Locals React to DOL’s Failed Farm Proposal
Some Peoria County residents believe the U.S. Department of Labor’s failed proposal is a prime example of over-regulation.
In the midst of a slumping economy and a state unemployment rate of 8.2 percent, one wouldn’t imagine agriculture to be on the short list of hot button political issues. But since the U.S. Department of Labor (DOL) proposed a regulation that would have prohibited young people from operating farm machinery, local residents and some local farmers have been speaking out.
Protection or Over-regulation?
For generations, agricultural skills and knowledge have been passed down to young people through on-the-job-training on family farms. But recent safety concerns prompted the DOL to propose a regulation that would have limited farmers’ ability to hire young people to work in agriculture and prohibited youth from operating farm machinery. With the exception of children who worked on farms owned by their parents, the proposal would have mandated that farm workers under sixteen years of age could not operate power equipment, such as tractors, and could not work grain elevators, silos and feed slots unless they were at least 18 years of age.
In response, members of congress co-authored a letter to U.S. Department of Labor Secretary Hilda Solis protesting the regulation as exerting a negative impact on youth participating in various agricultural sectors, among them commodity transport, livestock and grain production and youth agricultural education. The letter also requested that the length of time farmers were given to voice their opinions on the regulation be extended. Congressional members also co-sponsored HR 4157, the Preserving America’s Family Farms Act, prohibiting the DOL from enacting the proposed regulation.
Local farmers believe hands-on training in the fields is the best preparation for young people hoping to operate their own farms as adults.
“You can’t keep accidents from happening through government regulation any more than you can keep youth from getting into car crashes,” says Daryl Swisher who hires young people to help operate his farm each summer. “Personally, I think an eleven-year-old driving a tractor in an empty field would be safer than a sixteen-year-old driving in rush-hour traffic.”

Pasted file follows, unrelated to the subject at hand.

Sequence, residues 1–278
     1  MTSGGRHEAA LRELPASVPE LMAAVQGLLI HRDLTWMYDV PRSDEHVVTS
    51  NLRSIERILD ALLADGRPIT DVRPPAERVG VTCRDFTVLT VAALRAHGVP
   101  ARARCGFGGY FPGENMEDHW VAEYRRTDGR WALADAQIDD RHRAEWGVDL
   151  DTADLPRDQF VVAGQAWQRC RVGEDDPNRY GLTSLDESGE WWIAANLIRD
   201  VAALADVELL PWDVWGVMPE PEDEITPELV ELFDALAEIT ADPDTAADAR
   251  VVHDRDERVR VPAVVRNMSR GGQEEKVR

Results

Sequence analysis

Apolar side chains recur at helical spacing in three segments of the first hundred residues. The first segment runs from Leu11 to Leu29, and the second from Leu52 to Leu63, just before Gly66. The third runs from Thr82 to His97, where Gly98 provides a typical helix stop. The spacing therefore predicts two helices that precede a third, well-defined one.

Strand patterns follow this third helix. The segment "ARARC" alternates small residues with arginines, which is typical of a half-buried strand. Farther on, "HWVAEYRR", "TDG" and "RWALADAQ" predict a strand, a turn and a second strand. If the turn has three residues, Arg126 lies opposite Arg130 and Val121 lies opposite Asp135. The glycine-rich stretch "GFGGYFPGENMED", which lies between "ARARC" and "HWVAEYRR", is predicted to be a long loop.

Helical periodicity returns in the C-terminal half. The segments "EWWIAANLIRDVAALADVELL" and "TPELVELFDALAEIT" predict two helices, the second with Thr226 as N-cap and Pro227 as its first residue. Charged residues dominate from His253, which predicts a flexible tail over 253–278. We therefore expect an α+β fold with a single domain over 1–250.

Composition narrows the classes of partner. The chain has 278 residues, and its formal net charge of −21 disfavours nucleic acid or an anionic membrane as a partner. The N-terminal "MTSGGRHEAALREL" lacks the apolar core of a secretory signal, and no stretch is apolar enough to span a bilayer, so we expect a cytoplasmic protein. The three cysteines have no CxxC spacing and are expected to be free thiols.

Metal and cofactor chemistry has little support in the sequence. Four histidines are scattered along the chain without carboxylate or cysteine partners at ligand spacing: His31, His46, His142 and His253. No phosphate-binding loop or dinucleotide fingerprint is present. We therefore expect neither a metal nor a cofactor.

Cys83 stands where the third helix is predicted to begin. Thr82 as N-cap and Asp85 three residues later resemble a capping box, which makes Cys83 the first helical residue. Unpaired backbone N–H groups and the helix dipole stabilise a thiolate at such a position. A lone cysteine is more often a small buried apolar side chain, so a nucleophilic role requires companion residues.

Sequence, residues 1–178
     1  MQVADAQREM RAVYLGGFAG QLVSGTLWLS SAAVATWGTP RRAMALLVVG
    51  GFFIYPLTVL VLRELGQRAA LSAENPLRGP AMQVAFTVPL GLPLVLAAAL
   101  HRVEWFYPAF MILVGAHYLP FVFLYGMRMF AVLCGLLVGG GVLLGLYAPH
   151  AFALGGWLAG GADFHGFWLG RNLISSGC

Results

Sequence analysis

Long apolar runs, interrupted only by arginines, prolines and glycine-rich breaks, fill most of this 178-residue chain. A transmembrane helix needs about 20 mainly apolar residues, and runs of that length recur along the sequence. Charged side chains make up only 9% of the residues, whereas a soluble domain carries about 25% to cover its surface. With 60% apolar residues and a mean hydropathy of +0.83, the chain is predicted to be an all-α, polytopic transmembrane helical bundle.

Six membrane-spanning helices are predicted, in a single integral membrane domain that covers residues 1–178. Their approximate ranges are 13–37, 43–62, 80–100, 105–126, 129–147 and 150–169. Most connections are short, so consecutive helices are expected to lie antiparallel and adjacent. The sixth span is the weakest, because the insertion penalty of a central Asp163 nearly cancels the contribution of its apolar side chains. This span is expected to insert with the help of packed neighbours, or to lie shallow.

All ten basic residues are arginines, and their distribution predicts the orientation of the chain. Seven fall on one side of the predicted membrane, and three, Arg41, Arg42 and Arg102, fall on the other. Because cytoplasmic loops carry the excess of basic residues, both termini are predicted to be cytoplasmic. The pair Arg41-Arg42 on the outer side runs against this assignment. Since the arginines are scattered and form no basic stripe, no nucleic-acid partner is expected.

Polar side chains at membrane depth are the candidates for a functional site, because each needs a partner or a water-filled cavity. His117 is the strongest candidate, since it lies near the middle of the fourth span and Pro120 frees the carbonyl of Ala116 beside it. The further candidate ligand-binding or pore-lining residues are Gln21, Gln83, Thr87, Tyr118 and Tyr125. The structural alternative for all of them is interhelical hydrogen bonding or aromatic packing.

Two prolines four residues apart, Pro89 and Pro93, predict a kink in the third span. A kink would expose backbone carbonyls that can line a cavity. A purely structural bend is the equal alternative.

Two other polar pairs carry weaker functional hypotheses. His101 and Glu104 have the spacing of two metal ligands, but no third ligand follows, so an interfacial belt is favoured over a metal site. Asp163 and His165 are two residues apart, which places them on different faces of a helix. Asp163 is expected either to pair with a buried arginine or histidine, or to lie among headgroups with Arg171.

Other farmers don’t like the idea of limiting jobs for young people looking to get a taste of the workforce or gain experience in the agricultural field. For some children growing up in the country and looking for summer employment, farm work is the only option.
“With the economy the way it is, the very idea of taking jobs away from kids that are ready and willing to begin working is ludicrous,” says Barbara Bennett who grew up working summers on a farm but now works as a part-time elementary school teacher. “I would think that the government would want to provide as many ways as possible for youth to gain as much experience as necessary for future jobs or for future careers. This proposal would have changed everything, and I’m glad we have people in position that understand that and can stop it.”
Others cite the DOL’s proposal as another example of government over-regulation. “There’s always a risk when you operate any type of farm equipment,” says Pat Scotchtrup who helps run his older brother’s farm near Dunlap. “You can’t limit risks by regulating age limits. I could have an accident tomorrow, and I’m nearly fifty years old, but then again that’s the government for you.”
The U.S. Labor Department pointed to government figures that showed farm-related injuries occur most frequently to children between the ages of ten and fifteen, even though such injuries have been on the decline over the past decade. The decline is attributed to farmers’ keener awareness of potential accidents, which has prompted them to take steps to curb risks associated with very young children working on farms. Other farmers have argued that children who begin feeding animals, gathering eggs or milking cows at ages as young as four and five grow up learning how to avoid the inherent risks of farming as they begin performing more complicated tasks and operating equipment.
“You teach young people about the dangers of driving a tractor like you would teach them about the dangers of riding their bike in the street,” says Daryl. “You tell them what to do and not do, what to watch for and what to be careful of. You give them rules and set boundaries. We don’t need the government doing it for us.”
The U.S. Labor Department has since dropped its proposal due to unwavering opposition from agricultural groups, such as the American Farm Bureau Federation. In a statement released by the U.S. Department of Labor earlier this year, the DOL announced the withdrawal of the proposed rule:
“The decision to withdraw this rule . . .was made in response to thousands of comments expressing concerns about the effect of the proposed rules on small family-owned farms … Instead, the Departments of Labor and Agriculture will work with rural stakeholders—such as the American Farm Bureau Federation, the National Farmer’s Union, the Future Farmers of America and 4-H—to develop an educational program to reduce accidents to young workers and promote safer agricultural working practices.”